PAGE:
Plywood Thickness and Cabinet Doors
Nominal quarter-inch plywood can really be 5 millimeters thick. Here are thoughts on accounting for edge thickness when machining the door frame groove.July 6, 2011
My supplier had no "true" 1/4" birch plywood for some cabinet doors I'm building. How do you deal with cope and stick made frames that have a 1/4" groove and your using plywood - veneer to fill the gap? Also, do I need another set of shaper cutters to mill my glass panel doors cope and stick? As you may have guessed, I grew up making mortise and tenon doors. The shaper cope and stick is new to me. I have a Freeborn set.
From contributor G:
What you are getting now that they call 1/4" is really 5mm. You should be able to get a 5mm slot cutter for your cutters and the same spacer for the cope. Or you can get a 1/4" veneered MDF that should be closer to 1/4" then the 5mm.
From contributor F:
MDF core is the way to go for door panels. If you’re using the Freeborn six piece set you can essentially do three types of door. What you’re making now is the usual five piece panel door. A glass door can be made by switching the cutters. When you run your sticking cuts the profile is on top (at least for the sake of this example) then you have your larger diameter grooving cutter, then you substitute another same diameter cutter for the bottom cut. This leaves the frame open for the glass to be installed afterwards.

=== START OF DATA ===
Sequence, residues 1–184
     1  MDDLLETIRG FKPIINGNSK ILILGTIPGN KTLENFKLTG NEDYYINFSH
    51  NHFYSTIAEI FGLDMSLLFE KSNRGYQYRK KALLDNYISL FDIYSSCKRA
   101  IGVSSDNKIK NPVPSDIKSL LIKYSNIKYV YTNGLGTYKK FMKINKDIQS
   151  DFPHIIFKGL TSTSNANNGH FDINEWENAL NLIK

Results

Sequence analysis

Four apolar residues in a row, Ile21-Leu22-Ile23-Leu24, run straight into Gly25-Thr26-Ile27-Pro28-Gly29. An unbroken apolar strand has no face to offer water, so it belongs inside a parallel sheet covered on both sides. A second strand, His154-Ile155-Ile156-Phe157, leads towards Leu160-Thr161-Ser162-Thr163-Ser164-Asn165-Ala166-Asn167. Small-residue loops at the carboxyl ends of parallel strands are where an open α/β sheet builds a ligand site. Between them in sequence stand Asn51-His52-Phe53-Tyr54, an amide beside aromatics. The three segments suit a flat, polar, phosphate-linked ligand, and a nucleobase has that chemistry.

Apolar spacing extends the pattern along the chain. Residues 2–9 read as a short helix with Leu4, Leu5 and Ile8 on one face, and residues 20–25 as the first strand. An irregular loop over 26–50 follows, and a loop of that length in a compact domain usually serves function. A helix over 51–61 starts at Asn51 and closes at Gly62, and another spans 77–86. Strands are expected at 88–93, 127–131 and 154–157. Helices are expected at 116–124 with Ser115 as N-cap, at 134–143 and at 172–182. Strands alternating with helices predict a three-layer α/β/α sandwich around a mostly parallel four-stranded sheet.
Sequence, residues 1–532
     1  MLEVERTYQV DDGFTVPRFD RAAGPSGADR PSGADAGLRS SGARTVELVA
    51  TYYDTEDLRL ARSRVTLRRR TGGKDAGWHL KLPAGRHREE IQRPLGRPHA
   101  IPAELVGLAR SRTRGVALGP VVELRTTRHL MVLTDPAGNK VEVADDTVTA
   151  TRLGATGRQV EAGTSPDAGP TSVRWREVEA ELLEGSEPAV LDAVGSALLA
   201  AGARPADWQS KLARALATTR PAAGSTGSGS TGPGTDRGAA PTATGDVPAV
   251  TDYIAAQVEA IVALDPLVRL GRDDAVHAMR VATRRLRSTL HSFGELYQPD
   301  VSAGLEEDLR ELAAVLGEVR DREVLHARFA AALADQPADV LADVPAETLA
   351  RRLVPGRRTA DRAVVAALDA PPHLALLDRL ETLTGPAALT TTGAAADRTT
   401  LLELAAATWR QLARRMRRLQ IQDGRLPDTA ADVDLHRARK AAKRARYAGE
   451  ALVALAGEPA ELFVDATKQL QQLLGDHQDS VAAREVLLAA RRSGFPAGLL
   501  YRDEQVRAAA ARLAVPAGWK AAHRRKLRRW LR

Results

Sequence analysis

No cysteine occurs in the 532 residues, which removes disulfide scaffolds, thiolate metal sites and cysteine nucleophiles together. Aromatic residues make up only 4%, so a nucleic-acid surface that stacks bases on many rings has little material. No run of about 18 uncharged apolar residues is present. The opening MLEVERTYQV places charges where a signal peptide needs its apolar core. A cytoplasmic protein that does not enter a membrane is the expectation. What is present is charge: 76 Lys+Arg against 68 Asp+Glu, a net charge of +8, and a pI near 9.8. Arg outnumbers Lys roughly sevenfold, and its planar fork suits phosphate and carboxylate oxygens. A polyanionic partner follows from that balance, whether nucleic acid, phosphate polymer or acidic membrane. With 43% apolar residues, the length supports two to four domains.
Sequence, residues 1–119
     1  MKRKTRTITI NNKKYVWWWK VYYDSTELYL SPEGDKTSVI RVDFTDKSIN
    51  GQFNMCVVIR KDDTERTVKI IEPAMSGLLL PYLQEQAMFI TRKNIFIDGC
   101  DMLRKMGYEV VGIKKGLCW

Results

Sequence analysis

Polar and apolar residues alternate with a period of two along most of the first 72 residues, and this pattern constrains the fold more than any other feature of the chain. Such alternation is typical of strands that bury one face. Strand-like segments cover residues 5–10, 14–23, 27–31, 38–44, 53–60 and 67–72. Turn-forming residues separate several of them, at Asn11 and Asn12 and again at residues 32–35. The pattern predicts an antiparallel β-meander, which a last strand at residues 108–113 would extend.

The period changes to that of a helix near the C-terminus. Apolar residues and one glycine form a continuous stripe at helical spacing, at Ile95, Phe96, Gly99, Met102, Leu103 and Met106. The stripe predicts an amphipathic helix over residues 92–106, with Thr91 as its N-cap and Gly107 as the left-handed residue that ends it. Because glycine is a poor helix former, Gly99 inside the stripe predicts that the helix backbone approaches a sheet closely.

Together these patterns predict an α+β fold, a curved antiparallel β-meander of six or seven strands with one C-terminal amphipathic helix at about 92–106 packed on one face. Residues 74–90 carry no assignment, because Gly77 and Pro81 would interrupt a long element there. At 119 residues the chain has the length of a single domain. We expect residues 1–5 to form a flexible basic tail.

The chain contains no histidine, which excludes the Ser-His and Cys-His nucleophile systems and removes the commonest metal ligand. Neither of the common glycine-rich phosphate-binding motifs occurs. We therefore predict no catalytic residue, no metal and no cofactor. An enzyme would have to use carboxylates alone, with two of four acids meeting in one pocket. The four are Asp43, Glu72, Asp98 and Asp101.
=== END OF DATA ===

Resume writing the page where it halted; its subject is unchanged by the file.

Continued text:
Finally - the open frame type of door. This is where you have no grooves, just a profiled frame for attaching to the front of a wine cooler. Similar to the way you do a glass door except instead of having two of the same large diameter cutters below the profile, you have two of the same smaller cutters. Obviously you change your coping sets in the same way. I hope the way I described it makes sense.
From contributor KD:
See if your supplier has 6mm baltic birch. I use it for paint grade and birch doors. It fits the 1/4 inch groove pretty well.
From the original questioner:
Thanks to all. I see now how to stack the cutters for glass. There were no instructions with the set. Also, yes, 6mm Baltic birch will work fine in the 1/4" groove. Most of my material is shipped as I'm an hour ferry ride away from all suppliers. They told me when I ordered that the domestic 1/4" birch ply would be 1/4". Now they say it can vary.
From contributor B:
For flat panel doors, I normally reverse a solid raised panel, or use 1/2" plywood and back cut it to fit in the 1/4" groove. For the price difference in 1/4" vs. 1/2", the quality of your finished product is well worth it. For glass panels, I just use a 3/8" x 3/8" rabbet bit with a bearing in the router to remove the rest of the material after the frame is glued up. I clean up the corners with a sharp chisel. It takes less time than changing to a dedicated setup on the shaper.